A few months after our return to Florida from our wonderful trip, my husband and I attended The Art of Romance, a Valentine’s Getaway, here in St. Augustine. Even though this was a photo-shoot assignment for my husband, we enjoyed every single minute of this unexpected treat.
We stayed at The Collector Luxury Inn & Gardens, a gorgeous historical establishment.
There was a scrumptious multi-course Farm-to-Table dinner at Chandler Oaks Farm on the first night.
The second day after breakfast, we explored George Street with new eyes, seeing hidden treasures gone unnoticed during prior visits.
Later that afternoon, we visited the Lightner Museum with its fascinating late 1800’s history of Henry Flagler’s Hotel Alcazar. The staff treated us to a behind the scene tour of the staff’s quarters, an area not opened to the public. Champagne and handmade chocolates were offered at the end of our tour.
On Friday, February 14th, we enjoyed brunch at Cellar 6 on Aviles Street. Later, we explored the art scene with a personal guide, meeting local artists.
The experience ended that afternoon at Carrera Wine Cellar with a one-of-a-kind wine tasting hosted by the establishment’s owners.
When we arrived home, I chatted with our pregnant daughter and told her about our wonderful experience. Only a few minutes after we spoke, she called me back. Her water had broken.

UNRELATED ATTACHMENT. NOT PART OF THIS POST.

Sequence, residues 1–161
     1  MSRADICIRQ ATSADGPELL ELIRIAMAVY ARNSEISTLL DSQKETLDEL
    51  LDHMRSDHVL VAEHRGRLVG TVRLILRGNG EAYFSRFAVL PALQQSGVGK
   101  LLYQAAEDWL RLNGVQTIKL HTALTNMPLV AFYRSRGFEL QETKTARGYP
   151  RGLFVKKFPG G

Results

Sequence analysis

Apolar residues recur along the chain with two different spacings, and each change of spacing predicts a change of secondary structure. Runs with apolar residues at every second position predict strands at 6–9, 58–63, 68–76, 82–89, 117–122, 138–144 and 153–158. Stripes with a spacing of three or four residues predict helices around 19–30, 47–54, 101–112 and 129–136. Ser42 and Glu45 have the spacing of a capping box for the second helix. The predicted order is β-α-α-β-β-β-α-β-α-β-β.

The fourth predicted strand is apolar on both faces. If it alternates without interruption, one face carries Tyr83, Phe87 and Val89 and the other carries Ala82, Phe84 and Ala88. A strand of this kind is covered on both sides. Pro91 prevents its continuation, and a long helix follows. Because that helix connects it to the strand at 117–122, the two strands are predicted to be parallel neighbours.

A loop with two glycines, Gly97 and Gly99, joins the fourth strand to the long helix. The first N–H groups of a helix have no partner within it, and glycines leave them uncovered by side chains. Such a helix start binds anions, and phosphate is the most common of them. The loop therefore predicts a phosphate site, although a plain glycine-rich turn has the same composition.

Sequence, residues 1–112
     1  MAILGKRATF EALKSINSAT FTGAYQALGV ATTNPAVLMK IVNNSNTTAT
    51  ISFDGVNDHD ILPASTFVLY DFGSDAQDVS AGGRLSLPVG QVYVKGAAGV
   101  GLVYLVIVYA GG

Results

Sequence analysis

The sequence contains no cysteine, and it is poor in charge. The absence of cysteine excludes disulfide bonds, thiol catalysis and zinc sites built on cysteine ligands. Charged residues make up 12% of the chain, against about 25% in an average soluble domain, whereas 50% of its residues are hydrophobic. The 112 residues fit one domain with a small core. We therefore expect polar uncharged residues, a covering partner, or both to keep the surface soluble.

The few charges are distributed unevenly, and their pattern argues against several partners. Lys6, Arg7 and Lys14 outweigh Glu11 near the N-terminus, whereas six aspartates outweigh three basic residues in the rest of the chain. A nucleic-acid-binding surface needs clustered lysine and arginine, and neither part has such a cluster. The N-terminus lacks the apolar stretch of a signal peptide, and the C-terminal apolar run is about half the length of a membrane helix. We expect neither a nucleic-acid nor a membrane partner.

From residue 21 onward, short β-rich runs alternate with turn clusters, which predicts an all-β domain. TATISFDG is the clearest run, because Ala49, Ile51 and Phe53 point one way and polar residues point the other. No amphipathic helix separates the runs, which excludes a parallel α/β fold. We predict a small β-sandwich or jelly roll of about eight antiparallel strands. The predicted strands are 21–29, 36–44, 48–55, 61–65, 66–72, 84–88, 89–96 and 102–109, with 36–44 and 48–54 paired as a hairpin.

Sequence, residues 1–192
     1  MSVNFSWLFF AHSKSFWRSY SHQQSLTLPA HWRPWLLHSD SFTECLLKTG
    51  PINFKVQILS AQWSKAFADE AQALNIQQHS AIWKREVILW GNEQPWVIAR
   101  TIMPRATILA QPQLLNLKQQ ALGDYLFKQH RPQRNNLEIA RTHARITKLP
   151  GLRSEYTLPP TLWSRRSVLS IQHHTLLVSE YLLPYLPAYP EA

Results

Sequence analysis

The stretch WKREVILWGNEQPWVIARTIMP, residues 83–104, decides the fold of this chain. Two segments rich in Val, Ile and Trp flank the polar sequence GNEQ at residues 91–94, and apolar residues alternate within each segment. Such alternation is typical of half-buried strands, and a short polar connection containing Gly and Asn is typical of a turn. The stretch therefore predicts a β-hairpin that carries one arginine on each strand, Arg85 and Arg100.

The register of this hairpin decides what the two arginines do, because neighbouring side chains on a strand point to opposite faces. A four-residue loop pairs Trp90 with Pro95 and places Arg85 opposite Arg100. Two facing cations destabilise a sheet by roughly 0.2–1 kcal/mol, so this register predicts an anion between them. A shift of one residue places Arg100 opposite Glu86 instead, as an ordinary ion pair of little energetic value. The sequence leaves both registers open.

Because this was a high-risk pregnancy, we immediately left for the hospital. My grandson was on his way. Three weeks early. Nico was born on February 15th, 2020.
Two days after our grandson’s birth, he had open-heart surgery to repair a congenital heart defect, coarctation of the aorta. He remained in the hospital for one month.
When he was finally discharged home, the world went into darkness, into lock-down.
My grandson’s recovery was lengthy. He returned to the hospital for a heart catheterization not long after surgery. Then, a few months later, he had spinal surgery.
During this time, my husband and I became very ill with the virus. My parents, my sister, and her husband had symptoms as well. Thank God, none of us were admitted, and we all healed completely.
Three family members in Massachusetts became severely ill, and all were admitted due to low oxygen levels. Again, we praise the Lord for their healing.
Sadly, two family members in Brazil succumbed to the virus. Some friends lost loved ones.
During these darkest hours, many things changed in our lives. We realized how fragile life is. How precious our freedoms. How much we take for granted. How now is the time to spend with our loved ones—not later. How blessed we are. How thankful we should always be.
It connected us to people whom we have been distanced from. It distanced us from people we were never truly connected to.
In the end, it gave us the desire to reach goals we have put off for much too long.
And in August of 2020, amid the pandemic, while we healed from the virus and our grandson from his surgeries, while packing for our move to St. Augustine, God enabled me to finish my novel.
This story had haunted me for decades, but now I finally had the privilege of writing the two most awaited words in my entire life: The End.
A contract with Deeper Revelation Books was signed in September.
I am so thrilled that soon my book CAST OUT: Chronicles of a Familiar Spirit will be launched.
This is an answer to prayer. Finally, a long-awaited, dream come true.
God has given us beauty for ashes.
He has given us joy for mourning.